- The Washington Times - Sunday, March 6, 2005

An admirer of many of ClintEastwood’s films, I found, when interviewinghim some years ago, that he has no resemblance to “Dirty Harry.” Moreover, as a working jazz pianist in his youth, he felt the life force of that music. But in his current success, “Million Dollar Baby,” he is tone deaf to the life force of the disabled as he encourages euthanizing some of them.

For many years, I have reported on disability rights, and have come to know people diagnosed as “vegetables” in their early years or later as “hopelessly” disabled who have become psychologists, corporate lawyers and even writers.

I have also learned from them that those of us who are not quadriplegic, or otherwise physically limited, may only be “temporarily able.” Any of us can suddenly be disabled.

While gathering prestigious prizes, including Oscars for best picture and directing, Mr. Eastwood’s “Baby” (with its no-longer-a-surprise ending) has attracted considerable criticism. For example, Lennard Davis, professor of disability studies and human development in the College of Health and Human Development Sciences at the University of Illinois at Chicago, writes in the Feb. 2 Chicago Tribune about the ultimate message of the film.

By admirable determination, Maggie (Hilary Swank) is successfully trained to be a boxer by Frank (Eastwood). But then, paralyzed by a spinal-cord injury, she becomes a quadriplegic. Distraught after losing her leg to bed sores, she beseeches her trainer to euthanize her (also known as killing her). After some hesitation, he agrees. Pertinently,Mr. Davis adds: “Since 1990 there are laws that allow (cognitive) patients to refuse treatment. A quadriplegic on a respirator could simply ask to bedisconnected from the device. Doctors would have done so and administered a sedative so the person could die peacefully.” But Mr. Eastwood chose to have his character “illegally enter the hospital and disconnect the device.” That “would make her gasp like a fish on the shore,” says Stephen Drake, whose mother was told he’d be a vegetable. Stephen is now research analyst for Not Dead Yet, a disability-rights group.

The National Spinal Cord Injury Association, devoted since 1948 “to improving the quality of life for hundreds of thousands of Americans living with the results of spinal cord injury and disease and their families,” points out that “this number grows by an average of 30 newly injured people each day.” Reacting to this film, which more than suggests that death is preferable to being disabled, John Hockenberry, a paraplegic for the past three decades and a correspondent for NBC News, emphasizes: “If Mr. Eastwood is so convinced that his film is grounded in reality, then perhaps he might wish to accompany me to the U.S. Army’s Walter Reed Medical Center in Maryland, where there are 1,000 or so severely disabled soldiers from Iraq whose lives are changed forever, who were told they fought for Iraqi freedom and are now perhaps wondering, along with their families, who is going to fight for their freedom to live a full life here in America.” In contrast to the message in “Million Dollar Baby,” Mr. Hockenberry adds that “there is another message of hope and strength inside Walter Reed.” Many reviewers of “Baby” did not reveal the act of euthanasia at the end of the movie because they didn’t want to spoil the surprise for viewers. And those who have spoiled that ending, through vigorous public criticism of the “deliverance” of Maggie by Mr. Eastwood’s character, have been severely criticized by some commentators.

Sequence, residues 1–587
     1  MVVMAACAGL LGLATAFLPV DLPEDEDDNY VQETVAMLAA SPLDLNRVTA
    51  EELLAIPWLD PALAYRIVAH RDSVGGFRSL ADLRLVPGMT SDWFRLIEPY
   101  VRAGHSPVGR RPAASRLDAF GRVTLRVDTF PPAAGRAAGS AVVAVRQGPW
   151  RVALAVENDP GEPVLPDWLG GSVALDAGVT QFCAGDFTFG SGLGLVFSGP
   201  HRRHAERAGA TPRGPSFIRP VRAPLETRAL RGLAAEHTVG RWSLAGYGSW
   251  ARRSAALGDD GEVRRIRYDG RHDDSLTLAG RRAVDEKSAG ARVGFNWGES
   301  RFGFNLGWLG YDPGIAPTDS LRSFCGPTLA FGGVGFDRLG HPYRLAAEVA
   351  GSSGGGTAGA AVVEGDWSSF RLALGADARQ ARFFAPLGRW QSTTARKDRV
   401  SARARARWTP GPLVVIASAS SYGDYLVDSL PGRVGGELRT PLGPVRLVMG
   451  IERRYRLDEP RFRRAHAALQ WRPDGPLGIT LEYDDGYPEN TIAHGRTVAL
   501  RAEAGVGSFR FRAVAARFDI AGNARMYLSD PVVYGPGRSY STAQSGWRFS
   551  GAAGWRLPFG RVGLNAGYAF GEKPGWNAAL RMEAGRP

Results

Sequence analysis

New York Times columnist Maureen Dowd, who vainly aspires to being a moral philosopher, wrote scathingly of those who revealed the ending: “The purpose of art is not always to send messages.” But “Million Dollar Baby” has a message, which is clear and deadly.

Disability-rights activist Diane Coleman of Not Dead Yet, whom I’ve known for years, points out that message: “Some of the (film’s) audience will be newly disabled people, their family members and friends, swept along in the critically acclaimed emotion that the kindest response to someone struggling with the life changes brought on by a severe injury is, after all, to kill them.” Obviously, a filmmaker has the right to send any message he or she wants, or send no message at all. But Mr. Eastwood should not be surprised that certain messages are not taken kindly by the disabled, who are not dead yet and are as alive as he is.


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